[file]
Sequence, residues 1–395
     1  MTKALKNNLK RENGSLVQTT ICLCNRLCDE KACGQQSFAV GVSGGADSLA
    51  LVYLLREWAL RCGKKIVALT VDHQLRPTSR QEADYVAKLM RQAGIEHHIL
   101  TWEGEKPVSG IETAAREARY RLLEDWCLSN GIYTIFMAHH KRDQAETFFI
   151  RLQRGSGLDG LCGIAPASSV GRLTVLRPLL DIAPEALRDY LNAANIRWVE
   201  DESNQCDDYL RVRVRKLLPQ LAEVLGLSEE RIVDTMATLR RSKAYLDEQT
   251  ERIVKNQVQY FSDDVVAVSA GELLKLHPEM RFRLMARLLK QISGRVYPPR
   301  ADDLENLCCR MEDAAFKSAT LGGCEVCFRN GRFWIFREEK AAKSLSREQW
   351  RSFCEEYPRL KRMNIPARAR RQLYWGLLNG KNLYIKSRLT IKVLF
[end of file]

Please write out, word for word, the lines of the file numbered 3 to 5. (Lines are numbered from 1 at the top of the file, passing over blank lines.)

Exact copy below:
    51  LVYLLREWAL RCGKKIVALT VDHQLRPTSR QEADYVAKLM RQAGIEHHIL
   101  TWEGEKPVSG IETAAREARY RLLEDWCLSN GIYTIFMAHH KRDQAETFFI
   151  RLQRGSGLDG LCGIAPASSV GRLTVLRPLL DIAPEALRDY LNAANIRWVE